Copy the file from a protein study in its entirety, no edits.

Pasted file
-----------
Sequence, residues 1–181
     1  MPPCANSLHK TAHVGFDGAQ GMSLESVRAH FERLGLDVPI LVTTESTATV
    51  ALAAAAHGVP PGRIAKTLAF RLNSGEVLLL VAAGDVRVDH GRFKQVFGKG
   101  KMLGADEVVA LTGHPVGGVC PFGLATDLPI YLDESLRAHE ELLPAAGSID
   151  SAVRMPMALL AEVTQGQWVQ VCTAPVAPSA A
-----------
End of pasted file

Sequence, residues 1–181
     1  MPPCANSLHK TAHVGFDGAQ GMSLESVRAH FERLGLDVPI LVTTESTATV
    51  ALAAAAHGVP PGRIAKTLAF RLNSGEVLLL VAAGDVRVDH GRFKQVFGKG
   101  KMLGADEVVA LTGHPVGGVC PFGLATDLPI YLDESLRAHE ELLPAAGSID
   151  SAVRMPMALL AEVTQGQWVQ VCTAPVAPSA A